Firefox to get option to manage optional extension permissions on about:addons
Firefox users who install browser extension may be familiar with the permissions prompt that is displayed when extensions get installed. Extension developers may use a default set of features that require no permissions but need to request permissions if APIs are needed that provide extra functionality.
While most of the permissions are required for functionality, e.g. a tab managing extension needs access to browser tabs and website data, some permissions may be optional. Optional permissions are usually required if a user enables certain functionality that is not enabled by default.
To give you an example. The Simple Tab Groups extension requests six required permissions when it is installed. You may enable access to the browser's bookmarks in the options, and that requires the permission to access bookmarks of the browser; this is an optional permission as it is not enabled by default and not required for the extension's default functionality.
Optional permissions are not listed in about:addons, Firefox's internal management page for extensions, at the time of writing. That's a problem, as managing of these optional permissions depends on the extension's author integration of an option to revoke these permissions again. Additionally, it is impossible to quickly check which extensions have optional permisssions.
Mozilla added an option to Firefox 84 Nightly to display and manage optional permissions on the about:addons page.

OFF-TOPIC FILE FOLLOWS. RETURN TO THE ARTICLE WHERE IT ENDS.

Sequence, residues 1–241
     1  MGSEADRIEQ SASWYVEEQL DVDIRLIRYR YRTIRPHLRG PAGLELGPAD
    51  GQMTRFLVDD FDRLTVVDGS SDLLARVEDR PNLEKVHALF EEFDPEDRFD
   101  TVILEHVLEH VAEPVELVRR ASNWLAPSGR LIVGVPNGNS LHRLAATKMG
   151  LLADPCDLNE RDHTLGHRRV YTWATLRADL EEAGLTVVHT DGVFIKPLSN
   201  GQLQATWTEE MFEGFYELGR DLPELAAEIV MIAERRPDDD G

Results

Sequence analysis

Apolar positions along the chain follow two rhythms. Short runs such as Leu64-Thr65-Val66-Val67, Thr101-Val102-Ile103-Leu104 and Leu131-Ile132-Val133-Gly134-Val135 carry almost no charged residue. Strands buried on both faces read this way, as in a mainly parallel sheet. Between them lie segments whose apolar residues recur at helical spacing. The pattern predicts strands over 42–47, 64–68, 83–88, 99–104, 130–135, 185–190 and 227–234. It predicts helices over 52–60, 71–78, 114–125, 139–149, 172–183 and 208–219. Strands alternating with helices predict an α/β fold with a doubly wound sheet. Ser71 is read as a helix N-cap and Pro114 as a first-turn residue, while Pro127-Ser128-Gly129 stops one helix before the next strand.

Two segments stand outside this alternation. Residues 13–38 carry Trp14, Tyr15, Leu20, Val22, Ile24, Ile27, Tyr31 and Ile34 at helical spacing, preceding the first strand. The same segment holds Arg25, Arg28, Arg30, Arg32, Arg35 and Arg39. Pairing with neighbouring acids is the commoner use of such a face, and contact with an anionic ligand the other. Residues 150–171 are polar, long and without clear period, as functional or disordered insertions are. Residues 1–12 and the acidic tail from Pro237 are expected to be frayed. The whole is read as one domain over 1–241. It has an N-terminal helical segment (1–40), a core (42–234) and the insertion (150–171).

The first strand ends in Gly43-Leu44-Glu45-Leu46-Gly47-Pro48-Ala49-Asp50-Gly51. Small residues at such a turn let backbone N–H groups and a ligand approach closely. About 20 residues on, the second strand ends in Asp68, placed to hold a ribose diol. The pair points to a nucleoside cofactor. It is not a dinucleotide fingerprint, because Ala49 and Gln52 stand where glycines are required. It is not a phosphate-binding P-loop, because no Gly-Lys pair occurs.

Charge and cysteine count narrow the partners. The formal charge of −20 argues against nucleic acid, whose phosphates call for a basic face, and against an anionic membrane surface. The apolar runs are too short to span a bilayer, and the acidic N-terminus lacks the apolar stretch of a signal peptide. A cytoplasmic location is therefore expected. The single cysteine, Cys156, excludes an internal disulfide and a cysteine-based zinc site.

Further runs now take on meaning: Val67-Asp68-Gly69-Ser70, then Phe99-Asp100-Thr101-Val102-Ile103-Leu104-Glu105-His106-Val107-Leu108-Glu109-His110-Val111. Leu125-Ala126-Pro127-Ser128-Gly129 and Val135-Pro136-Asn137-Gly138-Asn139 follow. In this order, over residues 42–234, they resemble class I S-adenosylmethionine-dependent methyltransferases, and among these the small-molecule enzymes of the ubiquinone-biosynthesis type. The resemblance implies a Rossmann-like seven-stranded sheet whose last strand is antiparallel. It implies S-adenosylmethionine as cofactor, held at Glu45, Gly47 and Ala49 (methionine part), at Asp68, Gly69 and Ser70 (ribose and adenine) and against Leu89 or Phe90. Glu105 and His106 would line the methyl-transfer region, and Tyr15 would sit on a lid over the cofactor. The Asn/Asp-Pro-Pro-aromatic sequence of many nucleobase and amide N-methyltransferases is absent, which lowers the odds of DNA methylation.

Just open any of the installed extensions on the page and switch to the permissions tab. There you find required and optional permission groups.
While you cannot modify required permissions, you may toggle optional permissions with a click or tap on the switch on the page. Revoking optional permissions may lead to a loss of functionality, as certain features will become unavailable due to a lack of permissions.
The change is a welcome one as it gives users of the browser control over optional permissions of extensions. The target for a stable release is Firefox 84, which will be released on December 15, 2020. The milestone is not set in stone, and it is possible that the rollout gets delayed. You can follow the bug on Mozilla's bug tracking site Bugzilla.
Now You: How many extensions have you installed in your browser?
Firefox has defect tickets in bugzilla that have been open for over twenty years.
And since mozilla is laying off developers (https://arstechnica.com/information-technology/2020/08/firefox-maker-mozilla-lays-off-250-workers-says-covid-19-lowered-revenue/) the chances of them getting fixed are slim.
It still does not have proper VSync implementation, and that’s a bug since WinVista was released, in 2006. The issue is marked as fixed and closed, yet the frametiming is screwed. These will never get fixed, firefox will die with those issues open.
Maybe explain each one and what they affect and why they need to be fixed.
VSync’s not an issue for me at all, vids play exactly the same as they do with Chromium. Windows has had tearing issues, those using ooooold versions of it may encounter them as well as those with weird graphics card settings or lacking the knowledge to address frame rates in about:config.
There’s a website that tests browser video playback and shows tearing in FF that I’ve never seen. Of course it’s easy to make a video tear…
I have a laptop from 2011 that plays vids fine in FF just doesn’t display them as nicely as our newer ones, typical retina burner of the era.
Because I said it, frametiming issues? Not tearing. This affects the whole UI with its animations of firefox, but video playback, especially at higher framerates (48-60fps) is the most affected one.